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Nutrition principles and diabetes. A role for "lente carbohydrate"?

DJ Jenkins and AL Jenkins
Department of Nutritional Sciences, University of Toronto, Ontario, Canada.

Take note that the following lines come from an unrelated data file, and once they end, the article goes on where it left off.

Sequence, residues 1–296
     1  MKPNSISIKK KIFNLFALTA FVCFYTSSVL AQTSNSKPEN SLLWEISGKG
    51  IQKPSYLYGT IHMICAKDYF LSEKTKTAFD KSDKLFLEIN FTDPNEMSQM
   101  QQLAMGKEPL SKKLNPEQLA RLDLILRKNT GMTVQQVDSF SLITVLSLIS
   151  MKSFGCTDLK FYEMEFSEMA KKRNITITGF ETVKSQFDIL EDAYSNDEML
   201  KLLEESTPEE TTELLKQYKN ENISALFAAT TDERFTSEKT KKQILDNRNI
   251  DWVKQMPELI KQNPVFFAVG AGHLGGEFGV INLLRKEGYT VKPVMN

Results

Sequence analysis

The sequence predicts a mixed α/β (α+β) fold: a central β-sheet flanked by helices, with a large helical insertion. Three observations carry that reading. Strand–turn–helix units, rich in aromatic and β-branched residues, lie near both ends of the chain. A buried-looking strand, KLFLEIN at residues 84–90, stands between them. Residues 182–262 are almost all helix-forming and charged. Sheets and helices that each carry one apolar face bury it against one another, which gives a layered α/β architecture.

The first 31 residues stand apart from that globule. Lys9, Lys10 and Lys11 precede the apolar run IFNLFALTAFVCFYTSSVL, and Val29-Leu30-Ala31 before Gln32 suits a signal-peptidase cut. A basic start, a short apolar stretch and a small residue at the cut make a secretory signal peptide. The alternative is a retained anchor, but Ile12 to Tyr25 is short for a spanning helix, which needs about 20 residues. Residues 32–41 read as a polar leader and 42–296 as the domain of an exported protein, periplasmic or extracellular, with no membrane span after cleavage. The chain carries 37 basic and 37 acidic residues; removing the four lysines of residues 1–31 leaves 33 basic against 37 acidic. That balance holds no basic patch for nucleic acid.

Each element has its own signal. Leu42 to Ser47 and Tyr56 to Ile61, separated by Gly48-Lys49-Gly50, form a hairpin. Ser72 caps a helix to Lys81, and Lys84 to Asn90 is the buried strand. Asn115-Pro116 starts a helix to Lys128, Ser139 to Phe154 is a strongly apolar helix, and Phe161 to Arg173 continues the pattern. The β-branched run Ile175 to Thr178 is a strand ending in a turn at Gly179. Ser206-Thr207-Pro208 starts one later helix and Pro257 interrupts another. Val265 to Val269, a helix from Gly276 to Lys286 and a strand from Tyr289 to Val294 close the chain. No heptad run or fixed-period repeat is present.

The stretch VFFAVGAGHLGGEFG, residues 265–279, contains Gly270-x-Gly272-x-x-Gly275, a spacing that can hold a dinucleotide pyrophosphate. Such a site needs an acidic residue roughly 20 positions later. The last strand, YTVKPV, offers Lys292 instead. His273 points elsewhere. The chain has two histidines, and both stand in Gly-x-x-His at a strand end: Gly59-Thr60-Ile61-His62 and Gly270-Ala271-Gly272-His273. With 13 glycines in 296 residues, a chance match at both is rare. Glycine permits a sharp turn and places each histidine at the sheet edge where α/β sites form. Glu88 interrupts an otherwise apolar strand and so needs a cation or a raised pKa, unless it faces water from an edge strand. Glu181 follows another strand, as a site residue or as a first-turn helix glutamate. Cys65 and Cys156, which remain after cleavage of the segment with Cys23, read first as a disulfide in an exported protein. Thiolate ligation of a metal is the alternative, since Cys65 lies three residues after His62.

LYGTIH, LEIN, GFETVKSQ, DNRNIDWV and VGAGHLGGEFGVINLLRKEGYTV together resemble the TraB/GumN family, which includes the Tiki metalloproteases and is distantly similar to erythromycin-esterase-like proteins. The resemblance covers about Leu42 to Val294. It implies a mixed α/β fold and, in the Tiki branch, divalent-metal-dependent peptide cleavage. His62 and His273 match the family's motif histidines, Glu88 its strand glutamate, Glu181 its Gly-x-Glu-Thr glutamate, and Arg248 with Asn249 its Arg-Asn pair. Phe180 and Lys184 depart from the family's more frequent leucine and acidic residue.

The current nutrition recommendations of the American Diabetes Association (ADA) represent a thoughtful synthesis of much current data. They depart from tradition by not advocating specific figures for total fat and carbohydrate intake. Rather, since many issues are still topics of scientific debate, they endorse the principle of individualization and set guidelines accordingly. One topic that may be worthy of further debate is the principle of "spreading the nutrient load," or lengthening the absorption time. This principle covers the effects of altered meal frequency, viscous dietary fibers, low-glycemic index foods, and inhibitors of carbohydrate absorption. In its simplest form it is illustrated by studies of altered meal frequency ("nibbling versus gorging"). Reducing the size and increasing the frequency of meals has been shown acutely to result in lower mean blood glucose and insulin levels over the day in type II diabetes and to result in reduced 24-h urinary C-peptide losses. In the longer term in nondiabetic subjects, total and low-density lipoprotein cholesterol levels are reduced, together with fasting apolipoprotein B and serum uric acid levels, as additional risk factors for coronary heart disease. These and other physiological effects make slowing carbohydrate absorption ("lente carbohydrate") a potentially useful therapeutic modality. However, of the possible ways of slowing absorption, only alteration in meal frequency was of general interest in the current ADA nutrition recommendations. Nevertheless, the effects of slowing carbohydrate absorption by various means may have beneficial metabolic effects in diabetes and may support the use of ethnic foods in diets compatible with further modifications identified more favorably in the current nutrition recommendations (e.g., increased use of monounsaturated fat).



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